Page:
Having always been a Tim Burton-fan of course his recent Dark Shadows was a must-see. As a director his love for gothic horror is undeniable and my hope was that in choosing to do a film based of the 1960s cult TV series Dark Shadows it would be something along the line of his passionate work on Ed Wood. I was expecting once again to experience a visualization of his innocent love for the absurd and eccentric, but boy, was I in for a surprise.
The film Dark Shadows sets up a universe in which Johnny Depp stars as Barnabas Collins, a young man who after breaking the heart of the wrong woman’s heart is turned into a vampire and buried in a coffin for two centuries before being freed into the changed world of 1972. Seeking out his ancestry he discovers how the successful family business he helped built has now turned to ruins, and with the help of his dysfunctional relatives a tough fight to restore the family business is initiated.
I might as well state it now: Burton has gone overtly commercial. As a director he has always been on the edge between commercial and auteur, but I am afraid he has now fallen over the edge, into the bottom of the sea of bland filmmakers. There are still hints of his initial charm in this film, yet nothing substantial or meaningful really seems to come of it. The film sets up an absurdly surreal universe of kitsch artefacts and pop culture combined with a sprinkle of horror – all traditional Burton elements, yet this is where the story ends….
The foundation of a well-functioning film is undeniably a good script, and I think this is the most basic place in which this film fails. Seth Grahame-Smith’s screenplay does have potential, yet it seems too rushed through, leaving a trail of clichéd characters, unexplained plot holes, and cheesy dialogue. Most of the comedy stems from Barnabas being put in a different time, and how he incomprehensibly reacts to these new ‘peculiarities’ of this time, something which is done in a very obvious and unoriginal way: “Are you stoned?” the angry teenager asks the peculiar Barnabas on the first night of meeting him, “They tried stoning me my dear,” he replies, “but it didn’t work.”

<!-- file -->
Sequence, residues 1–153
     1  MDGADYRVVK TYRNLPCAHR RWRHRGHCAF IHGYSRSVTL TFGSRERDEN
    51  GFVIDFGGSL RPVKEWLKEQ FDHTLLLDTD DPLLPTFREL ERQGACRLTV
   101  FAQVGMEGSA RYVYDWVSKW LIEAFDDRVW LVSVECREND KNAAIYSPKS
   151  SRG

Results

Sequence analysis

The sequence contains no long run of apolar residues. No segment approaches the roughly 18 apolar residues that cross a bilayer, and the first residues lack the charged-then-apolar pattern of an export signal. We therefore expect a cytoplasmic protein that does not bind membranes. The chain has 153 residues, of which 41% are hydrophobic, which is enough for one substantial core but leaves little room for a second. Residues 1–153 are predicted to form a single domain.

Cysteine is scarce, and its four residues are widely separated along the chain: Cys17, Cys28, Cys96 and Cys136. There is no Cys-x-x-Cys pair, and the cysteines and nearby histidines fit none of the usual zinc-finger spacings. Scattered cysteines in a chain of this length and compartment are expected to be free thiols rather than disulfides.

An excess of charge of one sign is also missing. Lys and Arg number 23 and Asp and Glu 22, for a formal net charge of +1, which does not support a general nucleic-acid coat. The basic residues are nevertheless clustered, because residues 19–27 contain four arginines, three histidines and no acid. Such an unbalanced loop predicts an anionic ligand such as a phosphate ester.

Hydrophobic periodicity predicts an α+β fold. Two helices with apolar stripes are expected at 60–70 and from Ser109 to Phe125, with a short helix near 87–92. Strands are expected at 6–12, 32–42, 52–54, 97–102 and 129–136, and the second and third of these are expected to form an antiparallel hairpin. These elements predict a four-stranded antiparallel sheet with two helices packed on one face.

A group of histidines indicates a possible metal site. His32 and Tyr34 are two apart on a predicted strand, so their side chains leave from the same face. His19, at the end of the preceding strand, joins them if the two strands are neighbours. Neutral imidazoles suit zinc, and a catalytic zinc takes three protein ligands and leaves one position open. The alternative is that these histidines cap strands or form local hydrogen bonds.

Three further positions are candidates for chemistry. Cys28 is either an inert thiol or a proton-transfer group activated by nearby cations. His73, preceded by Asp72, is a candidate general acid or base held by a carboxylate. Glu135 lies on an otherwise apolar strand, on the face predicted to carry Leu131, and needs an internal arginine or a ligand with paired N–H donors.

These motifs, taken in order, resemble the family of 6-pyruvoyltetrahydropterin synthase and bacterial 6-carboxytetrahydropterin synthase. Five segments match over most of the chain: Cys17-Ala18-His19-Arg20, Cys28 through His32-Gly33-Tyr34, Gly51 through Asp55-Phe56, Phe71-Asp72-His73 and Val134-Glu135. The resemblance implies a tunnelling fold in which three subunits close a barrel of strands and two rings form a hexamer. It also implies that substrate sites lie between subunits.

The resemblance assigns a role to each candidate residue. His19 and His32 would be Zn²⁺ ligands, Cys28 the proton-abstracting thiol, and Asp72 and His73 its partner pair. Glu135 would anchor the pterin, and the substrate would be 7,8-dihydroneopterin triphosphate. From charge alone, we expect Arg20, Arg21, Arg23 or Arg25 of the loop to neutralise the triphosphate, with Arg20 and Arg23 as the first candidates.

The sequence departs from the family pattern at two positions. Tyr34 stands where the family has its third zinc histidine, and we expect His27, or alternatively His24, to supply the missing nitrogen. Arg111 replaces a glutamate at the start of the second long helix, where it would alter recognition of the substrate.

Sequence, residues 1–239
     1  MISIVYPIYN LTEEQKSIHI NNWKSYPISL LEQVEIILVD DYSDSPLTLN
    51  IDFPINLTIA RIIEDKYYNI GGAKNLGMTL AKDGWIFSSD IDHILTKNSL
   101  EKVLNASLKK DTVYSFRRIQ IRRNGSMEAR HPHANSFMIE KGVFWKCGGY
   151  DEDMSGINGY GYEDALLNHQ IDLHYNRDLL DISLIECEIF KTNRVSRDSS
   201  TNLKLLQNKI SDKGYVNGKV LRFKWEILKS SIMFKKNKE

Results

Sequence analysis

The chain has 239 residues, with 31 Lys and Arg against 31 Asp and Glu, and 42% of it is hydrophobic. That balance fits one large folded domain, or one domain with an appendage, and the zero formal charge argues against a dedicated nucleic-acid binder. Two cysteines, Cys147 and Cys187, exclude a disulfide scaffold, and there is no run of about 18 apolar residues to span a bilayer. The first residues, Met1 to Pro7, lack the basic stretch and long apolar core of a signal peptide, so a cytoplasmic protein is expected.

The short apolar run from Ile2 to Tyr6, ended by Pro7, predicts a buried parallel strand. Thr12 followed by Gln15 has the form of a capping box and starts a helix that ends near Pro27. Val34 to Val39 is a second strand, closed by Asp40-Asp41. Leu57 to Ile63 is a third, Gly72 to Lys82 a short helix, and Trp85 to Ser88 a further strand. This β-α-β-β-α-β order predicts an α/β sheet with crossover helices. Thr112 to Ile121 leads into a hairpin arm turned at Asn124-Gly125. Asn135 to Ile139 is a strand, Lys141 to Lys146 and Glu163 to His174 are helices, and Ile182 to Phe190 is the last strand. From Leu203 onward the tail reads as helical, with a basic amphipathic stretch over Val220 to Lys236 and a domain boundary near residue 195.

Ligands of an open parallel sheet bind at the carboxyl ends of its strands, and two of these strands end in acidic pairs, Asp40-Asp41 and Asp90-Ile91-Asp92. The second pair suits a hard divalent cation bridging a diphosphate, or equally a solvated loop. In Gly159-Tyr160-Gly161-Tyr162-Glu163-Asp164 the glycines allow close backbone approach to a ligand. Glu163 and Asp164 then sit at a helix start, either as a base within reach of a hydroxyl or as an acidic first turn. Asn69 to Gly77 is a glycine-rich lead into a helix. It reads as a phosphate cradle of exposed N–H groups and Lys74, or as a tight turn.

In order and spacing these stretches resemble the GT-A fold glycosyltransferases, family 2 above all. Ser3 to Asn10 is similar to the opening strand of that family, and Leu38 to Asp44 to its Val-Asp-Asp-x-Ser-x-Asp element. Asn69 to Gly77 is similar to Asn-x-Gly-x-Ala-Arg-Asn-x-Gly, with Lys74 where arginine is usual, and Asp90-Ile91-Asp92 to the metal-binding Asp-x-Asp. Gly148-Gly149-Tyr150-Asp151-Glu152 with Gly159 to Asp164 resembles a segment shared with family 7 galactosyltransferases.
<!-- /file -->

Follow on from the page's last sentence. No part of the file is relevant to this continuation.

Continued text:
The relationships between most of the characters are quite underdeveloped which makes for an uneven flow and a somewhat unbelievable plot. The one relationship which is sufficiently developed is that between Barnabas and the witch and dejected lover who first transformed and now continue to haunt Barnabas. Played by Eva Green the awkward sexual tension which is found between the two of characters provides many of the highlights of this film. Worst of all is the development of Barnabas’ relationship with his supposedly ‘true love.’ As a spectator you are not let into their intimate sphere, and the film suffers since it ends up seeming as if this love story is nothing more than a quick fix – a Burton-version of the recent Twilight – made to feed the vampire-hungry masses.
With all of this said, the film is not all that bad. If you do not bring into the seat with you the expectation that this will be a Burton-film the film is watchable. It kind of grows on you. Its ‘kitsch-ness’ is blown out of proportion and has quite an uneven plot, but the cheap laughs do what they are supposed to: they make you laugh. You might cringe because the jokes are so obvious, but I promise you, you will find yourself chuckling a substantial amount of times.
Tim Burton has the potential to be a true artist, but – as in evident in this film – I am afraid he has gotten too comfortable. Even the collaboration with Johnny Depp can no longer sustain. We have all enjoyed the Depp and Burton collaboration, yet Dark Shadows proves that this has gone too far – there is a limit to how long one can keep interest when seeing Depp as almost the same eccentric, out of place character that he always plays. Compared to many other filmmakers Burton has always had quite an easy ride in Hollywood, yet this might come back and haunt him – what I think would benefit his creativity and artistry would be a bit of a challenge. What this man needs is a chance to reinvent himself.
Dark Shadows seems more like a caricature of what we all know Burton to be capable of. The magic of such films as Edward Scissorhands, Ed Wood and Beetlejuice is gone; leaving us with a sloppy tale of semi-likeable, clichéd characters. I have a small hope though, that this film is so average because Burton has consciously put all his creative energy into the making Frankenweenie, the feature remake of his adorable early short of the same name. But, all I can do is wait impatiently for October to arrive in order to see what he has in store for us – and so will you.